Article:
MALPAI BORDERLANDS GROUP

ENDANGERED SPECIES
Pincushion Cactus
Pincushion Cactus

Twenty Years of Endangered Species

When the Malpai Group was getting started 20 years ago we really didn't plan on becoming endangered species experts.  Our region has one of the highest number of listed species known from any comparable area, with nearly 30 endangered species that live here full time, or migrate through during part of the year.  When we thought about endangered species at all, it was mostly to wonder what problems they would cause for us.  We certainly didn't think of them as an asset.  However, one-by-one, need arose to learn more about our listed species.  The Group's efforts have gradually taken a leading role in developing information about the ecology and management needs for several species. We discovered that in some situations their presence can actually be an aid to achieving our landscape goals.

Continued »
 

Jaguar

In early spring of 1996, Warner Glenn and his daughter Kelly were on a mountain lion hunt in the Peloncillo Mountains when they got on the trail of what appeared to be a large lion.  When Warner finally caught up to it, the “lion” turned out to be a jaguar.  As luck would have it, Warner had a full roll of film in his camera.  The photos he took of the jaguar were the first ever taken of a wild jaguar in the United States. Jaguars have occasionally been seen in Arizona over the years, one as far north as the Grand Canyon in 1932, but all seem to have been wandering individuals, with no clear evidence of a population north of the Mexican border.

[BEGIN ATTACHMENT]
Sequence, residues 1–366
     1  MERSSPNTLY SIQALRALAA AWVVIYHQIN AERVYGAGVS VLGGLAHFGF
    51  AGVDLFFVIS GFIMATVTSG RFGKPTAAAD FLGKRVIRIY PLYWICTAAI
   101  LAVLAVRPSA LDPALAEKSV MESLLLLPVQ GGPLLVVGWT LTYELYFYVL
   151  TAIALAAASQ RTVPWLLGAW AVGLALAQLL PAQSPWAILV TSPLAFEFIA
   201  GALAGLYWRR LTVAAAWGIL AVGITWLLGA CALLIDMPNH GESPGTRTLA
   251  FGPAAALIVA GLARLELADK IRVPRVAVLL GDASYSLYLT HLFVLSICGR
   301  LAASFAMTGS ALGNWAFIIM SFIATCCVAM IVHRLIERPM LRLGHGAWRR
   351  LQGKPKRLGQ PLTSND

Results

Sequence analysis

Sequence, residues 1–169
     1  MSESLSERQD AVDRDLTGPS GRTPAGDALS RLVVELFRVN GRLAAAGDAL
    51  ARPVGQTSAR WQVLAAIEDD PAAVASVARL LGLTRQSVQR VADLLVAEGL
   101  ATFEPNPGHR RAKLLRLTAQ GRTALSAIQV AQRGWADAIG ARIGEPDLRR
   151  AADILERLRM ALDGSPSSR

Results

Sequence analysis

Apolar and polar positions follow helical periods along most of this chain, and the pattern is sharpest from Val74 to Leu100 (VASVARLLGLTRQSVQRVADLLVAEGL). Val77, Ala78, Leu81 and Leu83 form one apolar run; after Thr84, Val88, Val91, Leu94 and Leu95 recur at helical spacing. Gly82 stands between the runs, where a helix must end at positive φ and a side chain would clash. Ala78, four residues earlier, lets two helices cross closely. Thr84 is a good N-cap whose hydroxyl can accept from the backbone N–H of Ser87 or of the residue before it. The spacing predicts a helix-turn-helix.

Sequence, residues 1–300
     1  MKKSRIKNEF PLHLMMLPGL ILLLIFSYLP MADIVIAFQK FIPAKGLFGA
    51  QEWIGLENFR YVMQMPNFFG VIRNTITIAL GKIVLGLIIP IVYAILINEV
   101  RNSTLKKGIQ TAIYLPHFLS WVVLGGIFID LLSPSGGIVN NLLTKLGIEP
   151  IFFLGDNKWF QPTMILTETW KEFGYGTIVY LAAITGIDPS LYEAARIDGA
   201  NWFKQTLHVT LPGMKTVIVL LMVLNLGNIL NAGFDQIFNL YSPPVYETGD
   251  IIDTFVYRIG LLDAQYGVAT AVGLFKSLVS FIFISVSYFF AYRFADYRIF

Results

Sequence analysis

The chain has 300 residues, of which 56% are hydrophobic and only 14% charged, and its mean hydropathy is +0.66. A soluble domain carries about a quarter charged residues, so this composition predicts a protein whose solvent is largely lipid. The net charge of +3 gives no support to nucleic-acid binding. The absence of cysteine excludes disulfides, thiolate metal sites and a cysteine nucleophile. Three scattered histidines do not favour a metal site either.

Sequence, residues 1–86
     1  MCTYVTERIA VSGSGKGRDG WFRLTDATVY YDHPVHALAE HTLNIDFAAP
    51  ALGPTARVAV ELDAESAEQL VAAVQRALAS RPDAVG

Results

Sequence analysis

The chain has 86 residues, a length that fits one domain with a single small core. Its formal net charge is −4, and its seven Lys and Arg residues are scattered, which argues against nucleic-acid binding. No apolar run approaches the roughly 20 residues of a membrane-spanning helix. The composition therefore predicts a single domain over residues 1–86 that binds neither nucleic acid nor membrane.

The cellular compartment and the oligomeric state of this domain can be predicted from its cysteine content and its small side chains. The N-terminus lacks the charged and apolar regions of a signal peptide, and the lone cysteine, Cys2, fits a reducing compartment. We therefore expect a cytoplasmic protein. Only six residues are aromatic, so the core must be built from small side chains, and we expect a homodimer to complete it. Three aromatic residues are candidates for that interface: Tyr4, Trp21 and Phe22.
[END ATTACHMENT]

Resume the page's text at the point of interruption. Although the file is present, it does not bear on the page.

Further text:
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New Mexico Ridge-Nose Rattlesnake

One of the Groups' major efforts has been to work with land managers to return fire to the landscape as a natural ecological process that is necessary to sustain and restore grassland and savanna woodland habitat. The early steps to accomplish this have been to plan a series of prescribed burns which are beginning to get vegetation structure back into a healthy equilibrium with periodic fire.